What is Mosfet Driver?? How Does it work??

Discussion in 'General Electronics Chat' started by keathow87, Mar 5, 2011.

  1. keathow87

    Thread Starter New Member

    Feb 6, 2011
    9
    0
    1) Anyone please explain to me why we can't just drive the gate of the Mosfet by using DC voltage instead of using Mosfet driver??

    2) How does Mosfet driver work actually?

    3) What input should we give to the Mosfet driver to get the desired output?? Please explain using this Mosfet driver for example, if I want to have a 13.56MHz 15Vp output to be used for Mosfet switching http://www.farnell.com/datasheets/32537.pdf

    Thanks in advanced and your help are very needed and appreciated =)
     
  2. shortbus

    AAC Fanatic!

    Sep 30, 2009
    4,013
    1,531
    1) Unless you using a logic level mosfet, you need at least 10V to turn it completely on. The driver also gives more current to turn the mosfet on quicker, the faster a mosfet switches the lower the heat it produces.

    2) The driver internally switches the higher voltage/current, allowing the mosfet to switch faster. The gate of a mosfet is like a big capacitor(no connection is made to the drain and source in the mosfet) The faster you can 'charge' the gate(capacitor) the faster it will turn the mosfet on.

    3) You need to give a signal of 5V(square wave) to pin #2 at what ever frequency you want to switch your mosfet at. The other pins would be at the levels stated in the data sheet. Pins #6 OR #7 would go to the gate of your mosfet. You can only use one at a time, either a N mosfet on pin#6 OR a P mosfet on pin #7. You can't use both out puts at the same time.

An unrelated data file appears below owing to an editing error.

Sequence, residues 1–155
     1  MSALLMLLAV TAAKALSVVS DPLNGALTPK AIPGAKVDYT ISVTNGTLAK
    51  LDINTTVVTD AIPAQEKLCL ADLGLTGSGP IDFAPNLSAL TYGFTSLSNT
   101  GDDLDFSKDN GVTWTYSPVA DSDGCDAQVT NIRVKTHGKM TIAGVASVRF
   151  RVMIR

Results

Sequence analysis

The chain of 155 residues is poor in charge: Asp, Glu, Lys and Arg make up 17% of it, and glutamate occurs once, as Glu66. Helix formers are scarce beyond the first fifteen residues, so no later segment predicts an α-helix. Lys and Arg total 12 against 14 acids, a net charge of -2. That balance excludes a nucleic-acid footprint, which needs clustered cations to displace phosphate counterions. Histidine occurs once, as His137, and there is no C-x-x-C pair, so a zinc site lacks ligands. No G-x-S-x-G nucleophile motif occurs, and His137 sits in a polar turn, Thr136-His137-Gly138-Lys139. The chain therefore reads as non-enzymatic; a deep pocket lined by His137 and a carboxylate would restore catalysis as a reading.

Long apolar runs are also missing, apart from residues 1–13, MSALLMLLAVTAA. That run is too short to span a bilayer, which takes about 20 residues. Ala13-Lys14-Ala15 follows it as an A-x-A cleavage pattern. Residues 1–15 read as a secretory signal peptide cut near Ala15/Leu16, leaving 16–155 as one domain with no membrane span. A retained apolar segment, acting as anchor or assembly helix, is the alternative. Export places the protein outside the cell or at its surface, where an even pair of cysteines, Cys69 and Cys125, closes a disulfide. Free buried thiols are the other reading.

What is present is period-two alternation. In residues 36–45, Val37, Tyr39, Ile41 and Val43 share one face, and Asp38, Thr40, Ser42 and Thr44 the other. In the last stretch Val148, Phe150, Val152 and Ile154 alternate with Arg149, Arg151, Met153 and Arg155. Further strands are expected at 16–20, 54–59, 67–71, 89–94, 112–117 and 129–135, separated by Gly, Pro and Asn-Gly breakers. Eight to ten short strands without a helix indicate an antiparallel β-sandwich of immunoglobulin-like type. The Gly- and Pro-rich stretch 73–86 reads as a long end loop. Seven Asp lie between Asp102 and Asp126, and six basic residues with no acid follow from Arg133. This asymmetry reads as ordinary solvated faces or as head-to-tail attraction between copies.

Here is an Application Note on the use of the driver; http://datasheet-found.com/Datasheet.jsp?pn=EL7104
     
    Last edited: Mar 5, 2011
  3. JMac3108

    Active Member

    Aug 16, 2010
    349
    66
    Shortbus is correct except for a minor detail...

    The gate of a MOSFET has a very small capacitance (in pf) but this is significant when you are trying to switch at a high speed. MOSFET drivers can source high currrents to quickly charge up this cap.

    If you are just using the MOSFET to switch a load on and off (maybe an LED or a relay) then a MOSFET driver is not required. Use a logic level MOSFET and drive it with your mico-controller or logic.
     
  4. Jaguarjoe

    Active Member

    Apr 7, 2010
    770
    90
    Most MOSFET datasheets list a value for gate charge in nC (Nanocoulombs). Shuffelling Q = CV and I = C(dv/dt), you get Q = I*T. You know Q, so now you can see how much "I" you need to switch the MOSFET in "T" seconds.
     
  5. keathow87

    Thread Starter New Member

    Feb 6, 2011
    9
    0
    thanks for all the explanation, now I have better understanding of it.

    By the way, can you guys help me determine if this op-amp connection correct?? From the circuit, usually op-amp need a bipolar supply which is +/-15V...but the problem is I don't have a bipolar supply and I don't want to use the single ended design, so in the end I plan to supply it with two independent DC power supply, both supplying 15V but I'll connect one of the 15V positive pin to ground and its negative pin to the op-amp for the purpose of -15V, will this work?? I wish to amplify the 13.56MHz 3Vp square wave signal to 15Vp using EL2045, is that possible?

    note: I'm not using it to switch the Mosfet but its another part needed in my project.
     
Loading...